Wednesday, October 10, 2012

Abidjan: the city of people with no change


I apologize for the huge gap between posts; I was trying to amass information to write a good, proper, informative post about my work here. Then I realized that perhaps people are actually interested in my daily life, so I will thus take some time to tell you a little anecdote about something in Abidjan that has been becoming increasingly more and more obnoxious: money.
http://www.senenews.com/wp-content/uploads/2011/06/franc-cfa.jpg
The money here, like in all the other West African Francophone countries (excluding Guinea, but including Portuguese speaking Guinea-Bissau), is the Franc CFA. Stronger than the Ghanaian Cedi or the Nigerian Naira because it’s tied to the French franc and thus by default to the euro, 500 F CFA = $1 and about 600 F CFA = 1€. You can easily get a meal for 1 500 F CFA in a local restaurant, or pay exorbitant prices in an Italian restaurant for mousse au chocolat (didn’t buy, but it was 6 000 F CFA, $12!) Groceries, such as fresh produce that is local, are pretty cheap, whereas you will have to shell out a pretty penny for cheeses and other items imported from elsewhere. This goes for household goods, where a small reading lamp could cost you over $40.

But the prices are not the thing I wish to complain about. Instead, I would like an explanation for why NOBODY has change, ever. Two examples that occurred today and yesterday to really drive home my point:
  1. I went to the grocery store to buy some items to make soup. The total was 4 140 F CFA. The cashier said she didn’t have change for my 10 000 F CFA note, meaning she didn’t have coins (coins are: 5, 25, 50, 100, 200, 250, and 500 centimes; I thought it was a joke when someone actually gave me five centimes coins, as if I would ever find a use for those, plus everyone just rounds up to the nearest 100 centime anyway). I said, ok, well, I don’t have any coins either. She said I needed to buy something else to make it easier for her to make change. I said I didn’t want to buy something else, couldn’t she just give me 6 000 F CFA change? She said no, and proceeded to skip me in the line and put my stuff to the side. I stood there dumbfounded. This is a grocery store! How can you not have change? I understand the woman on the street selling bananas might not have change, which is why I tend to aim to have exact change when buying from them, but franchement, that’s ridiculous. I finally succumbed by buying an orange soda, which brought my total to 4 400 and she still jipped me by only giving me a 500 F CFA coin. Grrr…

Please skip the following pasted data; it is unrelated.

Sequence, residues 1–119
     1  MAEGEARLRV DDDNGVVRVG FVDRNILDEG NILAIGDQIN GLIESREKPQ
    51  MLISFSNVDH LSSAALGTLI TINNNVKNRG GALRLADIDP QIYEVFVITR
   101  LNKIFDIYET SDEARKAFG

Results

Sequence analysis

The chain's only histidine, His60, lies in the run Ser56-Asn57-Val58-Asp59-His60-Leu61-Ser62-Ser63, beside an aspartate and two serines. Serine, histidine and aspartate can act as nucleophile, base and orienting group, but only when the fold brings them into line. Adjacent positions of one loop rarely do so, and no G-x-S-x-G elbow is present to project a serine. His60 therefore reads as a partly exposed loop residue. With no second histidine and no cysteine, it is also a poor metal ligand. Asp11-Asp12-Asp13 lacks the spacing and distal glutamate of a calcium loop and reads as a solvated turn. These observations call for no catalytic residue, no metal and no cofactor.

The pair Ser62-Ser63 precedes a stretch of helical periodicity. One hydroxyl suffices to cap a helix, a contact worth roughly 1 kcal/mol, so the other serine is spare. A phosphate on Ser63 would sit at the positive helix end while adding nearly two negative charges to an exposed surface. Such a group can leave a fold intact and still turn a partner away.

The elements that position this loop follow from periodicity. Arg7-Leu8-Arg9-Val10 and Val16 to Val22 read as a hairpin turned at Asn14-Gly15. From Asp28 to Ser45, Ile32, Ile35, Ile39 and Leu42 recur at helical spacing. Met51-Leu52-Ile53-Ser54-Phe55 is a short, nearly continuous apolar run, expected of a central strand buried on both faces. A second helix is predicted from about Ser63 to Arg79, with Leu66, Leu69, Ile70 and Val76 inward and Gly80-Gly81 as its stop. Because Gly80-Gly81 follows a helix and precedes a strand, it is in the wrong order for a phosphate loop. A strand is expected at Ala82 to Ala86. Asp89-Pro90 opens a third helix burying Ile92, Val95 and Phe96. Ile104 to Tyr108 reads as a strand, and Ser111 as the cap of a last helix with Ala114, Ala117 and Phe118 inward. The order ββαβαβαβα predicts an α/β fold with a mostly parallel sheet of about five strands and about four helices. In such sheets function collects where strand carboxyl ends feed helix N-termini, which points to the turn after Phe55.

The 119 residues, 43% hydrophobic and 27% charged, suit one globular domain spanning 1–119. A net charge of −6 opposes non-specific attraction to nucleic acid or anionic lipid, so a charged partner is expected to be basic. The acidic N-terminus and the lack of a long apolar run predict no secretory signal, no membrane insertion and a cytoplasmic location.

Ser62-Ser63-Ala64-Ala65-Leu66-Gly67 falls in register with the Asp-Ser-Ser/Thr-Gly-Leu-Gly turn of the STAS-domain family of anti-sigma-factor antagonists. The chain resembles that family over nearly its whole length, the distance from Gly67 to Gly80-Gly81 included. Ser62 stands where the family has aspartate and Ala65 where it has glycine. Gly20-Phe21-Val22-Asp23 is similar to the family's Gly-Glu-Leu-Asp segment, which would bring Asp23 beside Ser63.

2.  Got in a wora-wora (shared taxi) this morning to head to work. The price is 600 F CFA. I gave the driver a 1 000 F CFA note. He shook his head, sucked his teeth. I said I didn’t have change. He got out of the cab, came around, opened my door (it was pouring down rain, mind you) and proceeded to shout for someone who would take my place that had exact change. I was so annoyed; I wanted to just let him keep the freaking change if it would get me to work. But the thing was, he didn’t want to do that, and continued to try and find someone to replace me. Finally, he managed to find a 500 F CFA coin, and I had a 100 F CFA coin so we were able to make a deal.


People get really upset if you don’t have exact change, huff and puff like it’s the end of the world. Supposedly, “people keep their coins in a jar in their house,” which might explain the apparent lack of coins in circulation here.  But then, if there aren’t enough coins in the country, then grocery stores should make prices nice whole round numbers, instead of 455 CFA, knowing that nobody has 50 centimes or 5 centimes. I mean, I understand not using a 10 000 CFA note to pay for something that costs 450 CFA, but I don’t think it’s too much to ask for the grocery store to have change for 1 000 CFA, right?

The funniest, but also most frustrating moment, is the stand-off: where the person stands there with your money looking at you and you looking at them, and neither of you have change, and neither of you have a solution to this problem. I think it could last for hours, but eventually someone shows up or is called over with change, or you make a compromise and buy something extra. Sometimes you even have to walk into the price negotiation establishing that you don’t have change, especially with taxis, because then they won’t even bother picking you up. Bah. 

1 comment:

Lyde Jocelyne Guebo said...

No change land!

It is a very serious issue, I wonder who kept/ammasses all the coins in the country... :)